The Seen But Forgotten

£5.00

An Insight into Mental Illness and the Dangers of Current Psychiatric Practice
By Victoria Musgrave

ISBN: 978-1-84747-811-5
Published: 2008
Pages: 85
Key Themes: schizoaffective disorder, mental health system, spirituality, anti-psychiatry,


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Description

The Seen But Forgotten has been written based on nearly twenty years of personal experience of mental illness, ‘schizoaffective disorder’, as well as on many of my observations and other ideas, and related research on mental illness. It is based also on my observations of many of my friends and associates with mental illness, over the years, and their stories and experiences relayed to me. It describes some insights into some of the thoughts and feelings one can experience in certain states of mental illness. It also offers an overview of both known and other hypothetical considerations of some of the possible causes of mental illness; and includes some consideration of the medical model of the more current psychiatric practice of ‘chemical drug therapy’. The dangers and error of this practice is emphasized, and exposed are some of the serious and early death-inducing side-effects of most anti-psychotic medications, the dangers associated with the misuse of benzodiazepines, and why there is a need for more research in new directions in order for psychiatrists, researchers and drug companies to come up with safer treatments.

Also discussed within my book are some suggestions for mental health consumers, carers and mental health workers about ways for one who is suffering from mental distress or illness to try to help oneself and relieve some of their suffering, apart from relying solely on medication. It also includes a section about recovery, entitled: ‘The Hope for Recovery’; as well as the topic of recovery being discussed throughout other sections of the book; including suggestions made in the section entitled: ‘Conclusion’. Particular references are made here to some ideas related to recovery and schizophrenia, and which have helped me tremendously in my journey of getting well and more highly functioning again, as I was prior to the onset of my condition.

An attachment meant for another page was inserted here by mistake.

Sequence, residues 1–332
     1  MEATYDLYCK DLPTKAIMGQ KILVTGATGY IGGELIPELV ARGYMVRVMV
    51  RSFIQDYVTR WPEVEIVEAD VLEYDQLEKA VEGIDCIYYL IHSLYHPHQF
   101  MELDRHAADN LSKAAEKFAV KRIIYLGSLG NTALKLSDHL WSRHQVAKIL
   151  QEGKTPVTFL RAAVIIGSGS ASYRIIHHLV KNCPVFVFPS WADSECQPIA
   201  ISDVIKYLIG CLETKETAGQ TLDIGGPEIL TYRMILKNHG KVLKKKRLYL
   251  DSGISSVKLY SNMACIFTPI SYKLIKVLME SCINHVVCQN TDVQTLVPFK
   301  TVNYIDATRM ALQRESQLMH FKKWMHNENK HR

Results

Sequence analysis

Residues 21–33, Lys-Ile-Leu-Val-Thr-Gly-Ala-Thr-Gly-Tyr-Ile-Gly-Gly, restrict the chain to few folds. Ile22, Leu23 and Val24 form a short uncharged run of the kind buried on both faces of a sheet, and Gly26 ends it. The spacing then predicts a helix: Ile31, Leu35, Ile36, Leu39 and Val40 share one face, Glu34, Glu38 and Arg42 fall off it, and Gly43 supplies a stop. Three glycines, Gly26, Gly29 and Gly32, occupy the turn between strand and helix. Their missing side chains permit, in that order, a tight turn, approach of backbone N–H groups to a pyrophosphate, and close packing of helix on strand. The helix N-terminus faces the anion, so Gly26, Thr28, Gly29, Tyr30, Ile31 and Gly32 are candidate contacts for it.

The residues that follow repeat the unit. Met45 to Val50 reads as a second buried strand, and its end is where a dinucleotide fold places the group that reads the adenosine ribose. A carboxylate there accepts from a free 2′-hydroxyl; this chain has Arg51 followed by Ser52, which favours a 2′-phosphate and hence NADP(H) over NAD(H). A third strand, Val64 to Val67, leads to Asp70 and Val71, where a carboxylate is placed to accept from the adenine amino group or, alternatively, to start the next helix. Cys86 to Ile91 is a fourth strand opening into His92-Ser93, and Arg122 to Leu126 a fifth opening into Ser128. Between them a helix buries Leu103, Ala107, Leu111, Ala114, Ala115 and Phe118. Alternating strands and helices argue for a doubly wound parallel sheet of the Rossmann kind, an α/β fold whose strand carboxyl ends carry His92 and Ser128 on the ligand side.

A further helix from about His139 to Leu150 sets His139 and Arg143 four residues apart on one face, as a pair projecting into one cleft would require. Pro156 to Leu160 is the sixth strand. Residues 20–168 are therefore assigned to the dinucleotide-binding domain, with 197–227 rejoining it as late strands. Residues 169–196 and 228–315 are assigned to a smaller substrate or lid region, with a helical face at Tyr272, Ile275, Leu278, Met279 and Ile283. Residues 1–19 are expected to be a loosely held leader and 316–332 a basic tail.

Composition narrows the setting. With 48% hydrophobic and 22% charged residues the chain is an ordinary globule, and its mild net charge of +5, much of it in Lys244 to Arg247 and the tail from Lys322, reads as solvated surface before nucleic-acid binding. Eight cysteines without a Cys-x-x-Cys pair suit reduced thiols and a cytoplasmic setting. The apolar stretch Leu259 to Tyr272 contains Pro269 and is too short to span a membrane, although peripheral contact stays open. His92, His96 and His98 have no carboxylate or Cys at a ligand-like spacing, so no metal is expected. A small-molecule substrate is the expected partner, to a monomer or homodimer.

The topic of ‘Spirituality’ as the missing link in psychiatry is introduced briefly in a summary way in an Appendix; and makes reference to some of the work of other people, including Jeremy Griffith and the Dalai Lama. The topic introduced in this section is considered as a whole part in itself of too broad a scope to be discussed in too much detail, given our differing ideas and spiritual beliefs or leanings; and is not the main argument or purpose of my book. Thus, it has been introduced in this way, as well as by suggestions in the sections: ‘The Hope for Recovery’ and ‘Conclusion’; in the hope of encouraging further thought and consideration by the reader.

There is also at the end of my book a list of references from where the technical, scientific, medical, and psychoanalytic theories, information and terminology; has been derived to support the arguments and messages contained in my book.

About the Author

Victoria Musgrave is a Graduate Architect in Australia, and was born in 1966. She has suffered from mental illness now for nearly twenty years and wants to contribute to others, and try to help others, by sharing what she has learned as she continues to recover. As Victoria continually grows as a person, she would like to show others who may be struggling with a mental health condition, how she managed to get much better, in the hope of maybe reducing the suffering of another. Victoria graduated from the Queensland University of Technology in 1993, after seven years of study, with two Bachelor degrees in Architecture. This was despite being diagnosed with a serious mental illness in 1992.